Brandon James will still be returning kicks and punts. He was so effective a season ago that opponents began kicking away from him or doing squib kicks to keep him from ripping off a long return. Rainey and Demps are also expected to put in some return work.

Meyer says that senior Brandon Phillips is slightly ahead for the starting place kicker job. Competitor Caleb Sturgis should see the field regardless doing kickoffs since he has the stronger leg of the two.

Et cetera

The quarterbacking situations for the Gators’ first two opponents is looking shaky. Newly-named Hawai’i starter Brent Rausch has missed recent practice with a strained arm, a serious deal for the leader of a pass-heavy offense.

Meanwhile, Miami redshirt freshman Robert Marve has been suspended for the first game against Charleston Southern because of an arrest last Halloween. The coaches did not tell him until last Friday that he would be suspended so as not to affect his motivation in trying to win the starter’s role over true freshman Jacory Harris.

The Gators did not practice last Thursday due to Tropical Storm Fay. Practice on Friday was in sloppy conditions, but no one complained or slacked, much to the coaches’ delight. There have been many reports that last year’s team did not handle the recent success well and didn’t always put forth maximum effort in practice. Giving good effort in adverse conditions is a great sign for this year’s team.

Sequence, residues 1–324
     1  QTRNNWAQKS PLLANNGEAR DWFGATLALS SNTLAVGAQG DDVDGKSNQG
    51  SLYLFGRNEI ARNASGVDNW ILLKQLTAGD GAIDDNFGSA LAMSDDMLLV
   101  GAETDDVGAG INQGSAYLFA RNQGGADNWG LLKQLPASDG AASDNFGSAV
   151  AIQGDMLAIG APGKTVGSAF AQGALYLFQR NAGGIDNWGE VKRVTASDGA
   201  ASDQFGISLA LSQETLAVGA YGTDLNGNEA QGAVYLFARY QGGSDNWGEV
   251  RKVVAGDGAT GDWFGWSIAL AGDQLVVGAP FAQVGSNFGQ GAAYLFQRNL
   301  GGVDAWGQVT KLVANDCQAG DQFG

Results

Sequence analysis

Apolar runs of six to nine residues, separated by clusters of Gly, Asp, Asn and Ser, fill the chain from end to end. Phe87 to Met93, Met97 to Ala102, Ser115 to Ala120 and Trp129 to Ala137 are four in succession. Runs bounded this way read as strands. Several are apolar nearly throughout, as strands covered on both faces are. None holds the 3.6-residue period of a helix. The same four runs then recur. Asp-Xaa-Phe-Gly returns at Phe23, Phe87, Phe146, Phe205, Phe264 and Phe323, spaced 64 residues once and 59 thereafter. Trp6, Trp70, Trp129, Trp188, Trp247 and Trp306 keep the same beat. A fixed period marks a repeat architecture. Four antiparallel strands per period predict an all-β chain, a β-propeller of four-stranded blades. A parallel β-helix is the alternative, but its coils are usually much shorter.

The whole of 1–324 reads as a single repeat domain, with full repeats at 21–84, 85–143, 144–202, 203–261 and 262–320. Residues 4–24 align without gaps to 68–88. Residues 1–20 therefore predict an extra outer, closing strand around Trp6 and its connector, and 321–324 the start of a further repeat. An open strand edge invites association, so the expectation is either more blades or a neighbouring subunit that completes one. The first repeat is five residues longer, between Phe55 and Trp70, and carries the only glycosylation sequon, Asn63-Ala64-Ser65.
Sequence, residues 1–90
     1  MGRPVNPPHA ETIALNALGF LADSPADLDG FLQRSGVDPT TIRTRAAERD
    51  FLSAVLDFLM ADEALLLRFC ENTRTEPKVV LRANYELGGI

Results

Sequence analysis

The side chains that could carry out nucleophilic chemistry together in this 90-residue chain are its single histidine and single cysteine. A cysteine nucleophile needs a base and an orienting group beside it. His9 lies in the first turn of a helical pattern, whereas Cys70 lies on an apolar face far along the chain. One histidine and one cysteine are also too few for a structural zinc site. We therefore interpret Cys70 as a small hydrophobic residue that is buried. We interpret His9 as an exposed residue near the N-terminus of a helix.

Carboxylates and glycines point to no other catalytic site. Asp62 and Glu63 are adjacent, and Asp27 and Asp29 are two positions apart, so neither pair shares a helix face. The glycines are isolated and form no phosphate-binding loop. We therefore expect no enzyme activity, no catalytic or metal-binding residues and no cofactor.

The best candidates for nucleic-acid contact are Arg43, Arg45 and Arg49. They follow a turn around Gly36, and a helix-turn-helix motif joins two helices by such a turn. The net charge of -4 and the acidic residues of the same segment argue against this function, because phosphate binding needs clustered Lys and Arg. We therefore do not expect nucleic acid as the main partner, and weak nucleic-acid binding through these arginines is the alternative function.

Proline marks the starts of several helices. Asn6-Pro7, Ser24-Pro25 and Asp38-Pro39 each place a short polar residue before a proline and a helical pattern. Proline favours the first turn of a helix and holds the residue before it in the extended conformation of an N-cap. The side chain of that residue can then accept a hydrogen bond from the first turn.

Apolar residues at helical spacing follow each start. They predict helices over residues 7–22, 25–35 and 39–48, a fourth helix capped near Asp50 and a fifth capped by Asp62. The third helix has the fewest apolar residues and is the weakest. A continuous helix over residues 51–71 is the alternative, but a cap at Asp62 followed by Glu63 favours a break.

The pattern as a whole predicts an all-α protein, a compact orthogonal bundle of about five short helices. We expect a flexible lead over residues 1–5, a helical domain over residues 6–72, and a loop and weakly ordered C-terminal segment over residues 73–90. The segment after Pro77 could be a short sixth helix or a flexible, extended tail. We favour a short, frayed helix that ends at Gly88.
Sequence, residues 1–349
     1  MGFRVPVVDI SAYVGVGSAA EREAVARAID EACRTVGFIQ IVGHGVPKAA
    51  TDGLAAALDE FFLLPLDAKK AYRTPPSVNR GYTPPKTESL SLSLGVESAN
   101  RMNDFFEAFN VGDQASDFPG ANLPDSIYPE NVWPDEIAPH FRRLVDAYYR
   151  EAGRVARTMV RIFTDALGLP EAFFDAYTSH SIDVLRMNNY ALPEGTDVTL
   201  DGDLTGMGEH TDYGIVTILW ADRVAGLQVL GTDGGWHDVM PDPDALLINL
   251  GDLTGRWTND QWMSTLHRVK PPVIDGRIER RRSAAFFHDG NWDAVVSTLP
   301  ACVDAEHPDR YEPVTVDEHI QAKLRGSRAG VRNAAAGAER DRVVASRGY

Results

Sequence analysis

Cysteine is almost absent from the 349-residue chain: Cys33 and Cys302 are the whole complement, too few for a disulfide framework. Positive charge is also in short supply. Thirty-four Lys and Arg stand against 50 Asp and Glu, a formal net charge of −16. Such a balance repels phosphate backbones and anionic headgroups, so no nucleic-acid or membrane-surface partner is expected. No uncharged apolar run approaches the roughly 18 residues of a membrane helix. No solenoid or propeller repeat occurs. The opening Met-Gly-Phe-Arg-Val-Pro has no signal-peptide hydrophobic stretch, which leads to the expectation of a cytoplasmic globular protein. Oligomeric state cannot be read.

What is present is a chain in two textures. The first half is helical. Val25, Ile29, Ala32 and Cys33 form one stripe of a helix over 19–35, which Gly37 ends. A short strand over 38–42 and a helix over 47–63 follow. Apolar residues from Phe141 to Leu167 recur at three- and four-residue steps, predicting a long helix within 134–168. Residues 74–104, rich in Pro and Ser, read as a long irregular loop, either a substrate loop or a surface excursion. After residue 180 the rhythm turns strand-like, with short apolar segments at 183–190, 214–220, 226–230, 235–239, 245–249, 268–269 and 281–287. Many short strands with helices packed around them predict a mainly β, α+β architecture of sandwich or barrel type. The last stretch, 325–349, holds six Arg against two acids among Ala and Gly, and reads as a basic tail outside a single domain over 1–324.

Offensive Coordinator Dan Mullen has been getting help from Dirk Koetter in understanding the new NFL-style 40 second play clock. Koetter is a former head coach of Boise State and Arizona State and is now the offensive coordinator for the nearby Jacksonville Jaguars.

For whatever it’s worth, Florida is a 34 1/2-point favorite over Hawai’i. I don’t gamble, but personally I’d take the over. The Gators put up 59 on Troy, Tennessee, and FAU last season. This year’s offense (which will be even better) should be able to put up 60 or 70 on Hawai’i if they want to, and the defense isn’t going to let the Warriors get to 30 points.

Raycom Sports (formerly Lincoln Financial Sports and Jefferson Pilot Sports before that) has renewed its partnership with Yahoo! Sports this season. If you don’t have a Raycom affiliate in your area and would like to see the Gators eviscerate Hawai’i, you can stream the game live from here.

Hawaii QB Graunke to Miss Some of Training Camp

August 3, 2008

Here’s a bit of news on UF’s first opponent.

Hawai’i QB Tyler Graunke, the guy who everyone assumes will start this fall, is going to miss part of training camp to “resolve a personal issue.”

New head coach Greg McMackin pointed out that Graunke is not suspended, and the fact that Graunke has been talking to the press about it means it’s probably not a legal issue either. Both declined to specify what it is.

I have no idea what this is or what it could be, but it does hamper things in the islands a bit. Graunke is technically not the starter yet since the coaching staff called him and redshirt junior Inoke Funaki “co-No. 1 quarterbacks.” He was Colt Brennan’s designated backup under June Jones though, so he has some game experience. Plus, the fact he’s a fifth year senior probably means he’ll be the starter in Gainesville no matter what the coaches want us to believe.